The iPhone needs to be unlocked for usage, and also to pick up a telephone call.
In the second instance, the unlocking has to be done reasonably fast.
The unlocking features is a slider that needs to be pushed across the screen, horizontally from left to right. There is no way to alter position or direction of this virtual button that is provided by Apple.
This is obviously laid out to be used by two-handed individuals or by right handed on-handed individuals; other ways to operate the switch are possible but lack safe and fast access. Missing phone calls then is the rule rather than an exception, I have to return them rather than being able to pick them up in time, and that is where discrimination becomes an issue.
What do I use this for? Mainly for work. Because among other stuff, the iPhone is a tool for time of death estimation.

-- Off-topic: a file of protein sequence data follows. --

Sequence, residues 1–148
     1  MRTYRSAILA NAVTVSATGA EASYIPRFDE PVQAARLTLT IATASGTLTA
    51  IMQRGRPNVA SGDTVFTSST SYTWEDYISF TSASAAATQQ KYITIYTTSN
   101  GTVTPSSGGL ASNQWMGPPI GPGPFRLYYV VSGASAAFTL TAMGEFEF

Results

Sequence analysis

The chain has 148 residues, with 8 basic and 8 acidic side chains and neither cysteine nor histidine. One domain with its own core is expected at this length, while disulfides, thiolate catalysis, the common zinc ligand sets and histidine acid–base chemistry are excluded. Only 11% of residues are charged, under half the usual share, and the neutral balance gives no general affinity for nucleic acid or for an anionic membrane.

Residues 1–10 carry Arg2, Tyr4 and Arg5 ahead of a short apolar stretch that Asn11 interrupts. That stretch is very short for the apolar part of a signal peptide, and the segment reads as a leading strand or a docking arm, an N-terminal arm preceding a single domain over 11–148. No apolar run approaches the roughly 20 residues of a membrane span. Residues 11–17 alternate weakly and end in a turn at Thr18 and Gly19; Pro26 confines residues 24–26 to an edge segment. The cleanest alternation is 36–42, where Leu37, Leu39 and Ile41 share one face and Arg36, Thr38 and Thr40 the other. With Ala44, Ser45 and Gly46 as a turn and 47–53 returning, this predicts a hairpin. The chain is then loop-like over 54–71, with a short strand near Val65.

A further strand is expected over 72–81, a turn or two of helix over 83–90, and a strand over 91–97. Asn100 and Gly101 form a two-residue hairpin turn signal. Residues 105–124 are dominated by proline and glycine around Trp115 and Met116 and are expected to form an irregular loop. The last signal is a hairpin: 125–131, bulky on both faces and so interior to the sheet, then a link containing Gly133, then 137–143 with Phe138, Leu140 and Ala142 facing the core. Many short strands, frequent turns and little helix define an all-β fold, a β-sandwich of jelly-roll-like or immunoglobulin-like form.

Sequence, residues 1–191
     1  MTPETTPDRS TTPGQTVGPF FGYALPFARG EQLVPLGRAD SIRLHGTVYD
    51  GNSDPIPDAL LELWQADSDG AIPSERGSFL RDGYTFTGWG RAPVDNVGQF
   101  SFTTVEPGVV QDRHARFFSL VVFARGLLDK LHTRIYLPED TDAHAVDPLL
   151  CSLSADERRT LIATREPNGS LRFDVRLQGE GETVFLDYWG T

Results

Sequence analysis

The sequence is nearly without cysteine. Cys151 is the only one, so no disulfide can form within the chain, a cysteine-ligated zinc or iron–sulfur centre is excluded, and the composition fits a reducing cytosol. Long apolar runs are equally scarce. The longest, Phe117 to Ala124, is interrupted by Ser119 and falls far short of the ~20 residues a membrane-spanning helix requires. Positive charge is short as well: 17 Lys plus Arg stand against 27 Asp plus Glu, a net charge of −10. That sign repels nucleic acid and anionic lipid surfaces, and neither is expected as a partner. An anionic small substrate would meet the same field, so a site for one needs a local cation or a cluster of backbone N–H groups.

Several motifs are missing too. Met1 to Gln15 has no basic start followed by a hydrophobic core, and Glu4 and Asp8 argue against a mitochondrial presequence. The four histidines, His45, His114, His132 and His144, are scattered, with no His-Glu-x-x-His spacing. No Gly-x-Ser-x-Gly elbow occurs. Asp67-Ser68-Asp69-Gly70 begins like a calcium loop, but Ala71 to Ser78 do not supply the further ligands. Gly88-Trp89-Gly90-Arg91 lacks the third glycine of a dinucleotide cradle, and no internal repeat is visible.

Unlocking the iPhone with a left hand and a safe grip is difficult or impossible for me; I will have to rotate the device and thus make the grip less secure.
If I hold this iPhone firmly in my palm (see video) I am not able to complete this motion.
Reason is that my thumb deviates from an extension away from the slider towards the end of the 'unlock' motion. Either my thumb is too short, or not mobile enough. It is really a problem. I am not the only person with a problem.
The Apple unlock slider resides asymmetrically (which those of you with observation skills surely noted): the start of the unlock tap is located around 2cm from the left edge of the device, but the end of the lock motion is only ~ 3 mm of the right edge, about 6 cm of the left edge. If the device is turned around, the metrics are differently.